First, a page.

Replantation refers to the surgical reattachment of a bodypart (such as a finger, hand, or toe) that has been completely cut from the body. The goal of replantationsurgery is to reattach and restore function to as much of the injured part as possible.

Sometimes, replantation of a lost body part is not possible because the part is too damaged. If the lost part cannot be reattached, a patient may have to use a prosthesis, a device that substitutes for a missing part of the body. In some cases, a prosthesis may give a person without hands or arms the ability to function.

For ruptures with minimal local bruise and minimal distal and proximal injury, successful results can be achieved after debridement of the bruised and damaged area.

The success of replantation is high in clean and guillotine incision-shaped ruptures.

In avulsion type ruptures caused by tensile force, replantation should be performed as a result of very good evaluation because the injured tissue levels may be different. It may be necessary to put vein grafts together to close the Arterial insufficiencythat occurs in particular.

Additional injuries to the ruptured part may reduce success rate of replantation.

Replantation should not be performed for large tissue bruise and contaminated ruptures. Because it is difficult to feed due to vascular damage, there is a high risk of infection, especially anaerobic infection.

Rupture Level: In young and healthy people, replantation can be successful in ruptures of humerus, elbow or forearm proximal if the injury is clean and guillotine incision shaped. Due to slow nerve healing, muscle atrophy, development of joint stiffness, the result is not good in terms of hand functions in close to shoulder replantations. Especially in the elderly, the results of this level of replantation are worse.

Engine and sensation feedback are good for wrist and lower-level replantations. The amputation of the thumb should be replanted regardless of the level. However, single finger amputation does not have a definitive indication of replantation. If there is a large number of finger amputations, at least two fingers are replanted to see the function of the finger, the task of holding and capturing with the thumb is provided.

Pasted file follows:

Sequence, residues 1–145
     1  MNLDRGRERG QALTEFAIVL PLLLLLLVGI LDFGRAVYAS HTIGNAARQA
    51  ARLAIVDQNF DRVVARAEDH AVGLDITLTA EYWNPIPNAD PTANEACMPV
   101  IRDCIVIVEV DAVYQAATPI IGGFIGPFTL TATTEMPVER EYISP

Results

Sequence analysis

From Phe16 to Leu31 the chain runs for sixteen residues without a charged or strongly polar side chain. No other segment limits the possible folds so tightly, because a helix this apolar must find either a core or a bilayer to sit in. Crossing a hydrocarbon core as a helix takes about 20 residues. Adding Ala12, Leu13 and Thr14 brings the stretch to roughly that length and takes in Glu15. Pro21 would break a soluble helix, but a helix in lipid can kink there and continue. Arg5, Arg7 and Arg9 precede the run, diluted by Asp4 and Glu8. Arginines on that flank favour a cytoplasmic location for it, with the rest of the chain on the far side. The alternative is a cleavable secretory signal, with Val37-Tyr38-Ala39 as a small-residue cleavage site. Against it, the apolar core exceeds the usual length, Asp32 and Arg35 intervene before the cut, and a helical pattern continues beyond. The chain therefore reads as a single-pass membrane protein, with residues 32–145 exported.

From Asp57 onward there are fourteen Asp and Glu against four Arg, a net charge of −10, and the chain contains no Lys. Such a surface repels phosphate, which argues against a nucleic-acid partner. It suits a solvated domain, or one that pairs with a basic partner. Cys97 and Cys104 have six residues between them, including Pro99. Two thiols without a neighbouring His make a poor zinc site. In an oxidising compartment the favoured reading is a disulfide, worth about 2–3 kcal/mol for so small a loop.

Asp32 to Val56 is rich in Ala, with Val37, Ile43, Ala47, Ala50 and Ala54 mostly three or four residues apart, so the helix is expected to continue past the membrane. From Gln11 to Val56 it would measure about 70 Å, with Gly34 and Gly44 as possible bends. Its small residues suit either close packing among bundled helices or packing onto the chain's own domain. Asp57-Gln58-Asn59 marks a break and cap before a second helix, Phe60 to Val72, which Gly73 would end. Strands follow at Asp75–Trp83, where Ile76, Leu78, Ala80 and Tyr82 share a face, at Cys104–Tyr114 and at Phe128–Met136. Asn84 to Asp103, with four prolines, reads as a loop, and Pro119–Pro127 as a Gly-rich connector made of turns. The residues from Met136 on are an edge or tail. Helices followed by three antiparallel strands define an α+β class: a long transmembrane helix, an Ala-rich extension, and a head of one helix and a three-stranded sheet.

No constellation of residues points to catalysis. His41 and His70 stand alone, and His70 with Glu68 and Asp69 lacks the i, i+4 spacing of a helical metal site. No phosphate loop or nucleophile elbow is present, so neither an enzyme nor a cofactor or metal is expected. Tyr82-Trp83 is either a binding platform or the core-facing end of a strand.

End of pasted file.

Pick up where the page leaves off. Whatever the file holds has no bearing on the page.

In bilateral amputations, replantation should be performed on both sides.

If one side is not suitable for replantation, the ruptured parts that are suitable on the other side can be replanted to the corresponding stump on the other side.

Warm ischemia time

Skeletal muscles begin to necrosis at normal temperature after 6 hours of anemia. If the ruptured part is cooled close to +4 degrees, these changes can be delayed and ischemia time can be extended. However, the upper limit for muscles is not fully known. Replantation should not be performed if bleeding on the wrist level cannot be achieved for 6-8 hours. If done, hyperkalemia, acidosis, myoglobulinurie, heart arrhythmia, kidney damage and metabolic acidosis caused by the muscles of the replanted part can ultimately risk the patient’s life. In addition, the risk of infection increases and if the limb lives, it will function poorly in the future.

For finger ruptures that do not carry muscle, warm ischemia time is 8 hours and if the finger is stored at +4 degrees, this period may be up to 30 hours.

Patient’s Condition

In patients with life-threatening head, thorax or abdominal trauma due to the accident, anesthesia cannot be given for a long time and major replantation cannot be performed due to blood loss.

Due to risk of anesthesia and vascular problems in patients with rheumatoid arthritis, diabetes, SLE, myocardial infarction, chronic heart, lung and kidney diseases, malignancies; in psychiatric patients, it is more appropriate not to replant due to rehabilitation difficulties.

Transport of sick and ruptured parts

One of the success factors in replantation is the shortest and most appropriate delivery of the patient and the ruptured part to the replantation center. An inappropriate transport can make a rupture that can be replanted non-replantable.

The general condition of the patient who had an accident should be evaluated first and bleeding should be controlled. Compression dressing is usually sufficient to control bleeding. Temporary tourniquet can be used if bleeding cannot be controlled in this way.
‏All parts of the ruptured limb must be protected. If there is contamination to require tissue cleansing, the ruptured part should be cleaned gently and free from contaminated residues. Antiseptics such as tincture, zefiran and oxygen should never be used in tissue cleansing. The ruptured piece should then be wrapped in a cloth dampened with saline or ringer lactate, placed in a sturdy nylon bag and the the bag should be tied. Liquids such as alcohol or formaldehyde should not be placed in the bag. The ruptured part should not be sent in physiological serum solutions.
‏If the replantation center is not close to the injury scene, it is necessary to send the limb between +8 or +4 degrees to prolong ischemia time. In this case, an iced water (1/3 ratio of water, 2/3 ice) bag is prepared.With the previously prepared ruptured limb bag, these two bags are placed in a container together and sent. The part should not be placed on an ice cube because there is no chance of replantation as a result of freezing. Therefore, when preparing icy water, ice should be placed in the bag not in mold but in small pieces, and all sides of the iced water bag should be in the same coldness.

This is applied to wrist area .

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